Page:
Spring is here but it comes with allergy season as well. Around 25% of Canadians suffer from outdoor seasonal allergies during this time of the year.
What Are Seasonal Allergies
Seasonal allergies are caused by an overreaction of the immune system to certain allergens in the environment such as pollen, grass, and certain trees. The symptoms include runny nose, itchy nose, nasal congestion, sneezing, itchy watery eyes, itchy throat, wheezing and mild fatigue.
Seasonal Allergies and COVID-19
This year, the COVID-19 pandemic has made it more challenging but critical to recognize and manage seasonal allergies symptoms. COVID-19 is a viral infection caused by a novel (new) coronavirus, which mainly causes respiratory symptoms such as fever, chills, dry cough and shortness of breath. It can also cause less frequent symptoms like runny nose, sore throat, loss of smell and taste, diarrhea, muscle aches, joint pains, conjunctivitis (pink eyes) and unexplained fatigue.
There are two important points to pay attention to:
1. It's crucial to prevent and control seasonal allergies symptoms more efficiently to keep immune system strong.
The most effective method to prevent seasonal allergies is to completely avoid the “Allergen” that causes symptoms. Here are some tips:
- Pollen counts are typically highest from 5:00 am to 10:00 am and at dusk, so try to plan outside activities for other times of the day. Hot, dry, windy days means more pollen. Right after the rain, pollen count is usually very low.
- Wear an inexpensive painter's mask when you're working in the garden or doing other outside chores.
Pollen spores can hitch a ride on your shoes, clothing and hair and get tracked inside. After spending time outdoors, be sure to remove your shoes, take a quick shower and change your clothes to remove pollen.
- Bedding or clothing hung out to dry on a clothes line may pick up mould spores, along with other allergens. Use a clothes dryer instead.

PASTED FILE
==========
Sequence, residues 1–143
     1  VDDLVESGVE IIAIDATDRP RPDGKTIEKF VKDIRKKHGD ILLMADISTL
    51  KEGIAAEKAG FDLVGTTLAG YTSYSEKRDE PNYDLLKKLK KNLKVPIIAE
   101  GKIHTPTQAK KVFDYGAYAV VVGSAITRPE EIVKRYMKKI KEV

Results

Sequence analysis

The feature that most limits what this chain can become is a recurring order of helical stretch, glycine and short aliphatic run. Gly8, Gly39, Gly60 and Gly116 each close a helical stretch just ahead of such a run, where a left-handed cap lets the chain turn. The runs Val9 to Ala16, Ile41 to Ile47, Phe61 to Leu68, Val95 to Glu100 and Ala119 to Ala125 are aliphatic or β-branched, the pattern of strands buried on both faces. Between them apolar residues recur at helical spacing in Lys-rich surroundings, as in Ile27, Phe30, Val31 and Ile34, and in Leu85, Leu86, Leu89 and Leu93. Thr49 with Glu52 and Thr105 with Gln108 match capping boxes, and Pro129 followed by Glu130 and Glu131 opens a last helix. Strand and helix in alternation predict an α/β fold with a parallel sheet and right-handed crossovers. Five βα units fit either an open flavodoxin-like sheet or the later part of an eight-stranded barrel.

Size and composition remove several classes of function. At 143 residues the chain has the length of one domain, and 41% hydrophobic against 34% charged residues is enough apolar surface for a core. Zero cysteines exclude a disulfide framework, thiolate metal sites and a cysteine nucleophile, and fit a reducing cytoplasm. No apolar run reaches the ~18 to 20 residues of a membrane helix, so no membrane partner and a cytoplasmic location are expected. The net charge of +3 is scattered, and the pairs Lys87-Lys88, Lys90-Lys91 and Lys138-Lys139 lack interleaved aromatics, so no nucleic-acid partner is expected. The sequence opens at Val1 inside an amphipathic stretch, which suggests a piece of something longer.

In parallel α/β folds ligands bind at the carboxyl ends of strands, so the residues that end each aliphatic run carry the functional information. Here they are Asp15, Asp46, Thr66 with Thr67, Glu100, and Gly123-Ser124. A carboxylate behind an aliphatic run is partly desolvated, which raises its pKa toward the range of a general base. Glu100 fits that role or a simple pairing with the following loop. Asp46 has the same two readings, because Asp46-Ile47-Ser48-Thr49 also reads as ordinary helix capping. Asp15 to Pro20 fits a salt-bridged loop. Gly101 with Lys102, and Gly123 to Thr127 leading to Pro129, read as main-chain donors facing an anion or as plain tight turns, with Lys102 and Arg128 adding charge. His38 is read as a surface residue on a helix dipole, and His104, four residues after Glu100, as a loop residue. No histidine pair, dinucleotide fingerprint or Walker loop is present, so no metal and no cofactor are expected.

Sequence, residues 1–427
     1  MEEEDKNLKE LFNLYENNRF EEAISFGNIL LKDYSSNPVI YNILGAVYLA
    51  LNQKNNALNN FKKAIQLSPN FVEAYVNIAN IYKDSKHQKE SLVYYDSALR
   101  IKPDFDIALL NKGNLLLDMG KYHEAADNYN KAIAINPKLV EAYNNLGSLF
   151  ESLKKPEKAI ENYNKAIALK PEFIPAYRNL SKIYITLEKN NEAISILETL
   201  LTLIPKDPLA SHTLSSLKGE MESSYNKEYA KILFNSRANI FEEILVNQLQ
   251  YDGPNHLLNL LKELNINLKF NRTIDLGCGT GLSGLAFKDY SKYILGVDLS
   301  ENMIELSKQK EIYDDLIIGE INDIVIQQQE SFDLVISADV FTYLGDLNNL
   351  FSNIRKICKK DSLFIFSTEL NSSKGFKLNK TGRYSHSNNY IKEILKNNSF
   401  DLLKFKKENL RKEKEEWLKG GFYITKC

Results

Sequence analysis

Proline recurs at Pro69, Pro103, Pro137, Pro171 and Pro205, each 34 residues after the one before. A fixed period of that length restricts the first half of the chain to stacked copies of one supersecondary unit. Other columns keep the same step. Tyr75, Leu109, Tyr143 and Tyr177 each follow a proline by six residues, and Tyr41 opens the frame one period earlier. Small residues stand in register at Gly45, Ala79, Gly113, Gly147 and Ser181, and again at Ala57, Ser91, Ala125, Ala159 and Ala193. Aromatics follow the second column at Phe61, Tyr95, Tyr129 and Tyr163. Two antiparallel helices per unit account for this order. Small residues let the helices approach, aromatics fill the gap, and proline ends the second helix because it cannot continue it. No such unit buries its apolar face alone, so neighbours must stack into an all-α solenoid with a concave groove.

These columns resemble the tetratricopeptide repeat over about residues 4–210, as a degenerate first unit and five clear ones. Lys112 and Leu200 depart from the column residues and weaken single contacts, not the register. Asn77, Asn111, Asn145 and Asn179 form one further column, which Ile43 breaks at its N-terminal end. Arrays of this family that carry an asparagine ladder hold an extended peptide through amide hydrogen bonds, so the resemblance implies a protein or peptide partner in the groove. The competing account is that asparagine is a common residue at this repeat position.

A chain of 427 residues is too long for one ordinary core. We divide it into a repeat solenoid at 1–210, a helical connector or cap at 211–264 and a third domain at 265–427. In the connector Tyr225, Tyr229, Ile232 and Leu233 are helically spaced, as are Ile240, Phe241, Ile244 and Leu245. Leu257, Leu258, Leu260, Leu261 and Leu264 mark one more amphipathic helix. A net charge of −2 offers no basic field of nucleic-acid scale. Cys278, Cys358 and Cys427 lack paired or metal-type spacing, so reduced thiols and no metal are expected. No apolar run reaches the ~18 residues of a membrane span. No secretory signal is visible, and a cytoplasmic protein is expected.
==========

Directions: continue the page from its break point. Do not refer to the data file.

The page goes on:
- When driving, keep windows up and set the air conditioner on "recirculate." At home, keep windows closed and use air conditioning. Be sure to change your filters often.
- Looking to plant trees on your property? Avoid hard deciduous trees that can aggravate allergies, including birch, oak, elm, maple, ash, alder and hazel. Instead go with species such as Catalpa, Crepe myrtle, dogwood, fir, or redwood trees.
- Avoid planting in your yard flowers that are related to ragweed such as sunflowers, daisies and chrysanthemums. If you’re not sure what to plant, ask your local garden centre before you buy.
If you're experiencing seasonal allergies symptoms, following over-the-counter (OTC) treatments are available and effective in most cases:
- A non-drowsy anti-histamine such as Reactine, Claritin, Aerius etc.
- Anti-allergy eye drops such as Opticrom
- Anti-allergy nasal spray such as Flonase
If the symptoms don’t improve with OTC medications, then it is important to see a doctor or nurse practitioner for an assessment, management with prescription medications and/or allergy testing referral to confirm allergies.
2. It's important to be aware of the similarities and differences of allergies symptoms versus COVID-19 symptoms.
|Some typical symptoms of seasonal allergies 🤧||Some COVID-19 symptoms 😷|
|Clear thin nasal discharge||Thick coloured nasal discharge|
|Itchy, tickly throat||Sore painful throat|
|Pinkish itchy watery eyes||Painful eyes with thick discharge|
|Post-nasal drip like cough that gets better after you have cleared the nasal secretions that fell in the back of your throat.
Dry cough due to allergic asthma that gets better with the use of your usual inhalers.
|A dry cough that does not go away and is accompanied by shortness of breath and fever.|
COVID-19 symptoms are usually different and more intense (unless you are one of the asymptomatic carriers). This does not exclude the possibility of COVID-19.
If your seasonal allergies symptoms are not getting better with the usual medications you take, or if you're not sure whether your symptoms are related to seasonal allergies or other viral or bacterial infection, please consult with Dialogue.